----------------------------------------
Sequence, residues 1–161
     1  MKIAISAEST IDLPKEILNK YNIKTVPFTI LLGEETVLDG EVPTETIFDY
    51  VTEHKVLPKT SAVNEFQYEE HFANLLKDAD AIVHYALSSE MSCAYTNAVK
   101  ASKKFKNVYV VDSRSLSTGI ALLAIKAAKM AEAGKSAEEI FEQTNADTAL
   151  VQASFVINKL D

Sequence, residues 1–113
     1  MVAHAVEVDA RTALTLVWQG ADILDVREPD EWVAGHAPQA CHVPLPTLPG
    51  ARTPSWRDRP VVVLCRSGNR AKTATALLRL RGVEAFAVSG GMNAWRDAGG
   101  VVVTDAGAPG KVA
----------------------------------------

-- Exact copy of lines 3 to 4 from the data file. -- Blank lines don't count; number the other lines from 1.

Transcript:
    51  VTEHKVLPKT SAVNEFQYEE HFANLLKDAD AIVHYALSSE MSCAYTNAVK
   101  ASKKFKNVYV VDSRSLSTGI ALLAIKAAKM AEAGKSAEEI FEQTNADTAL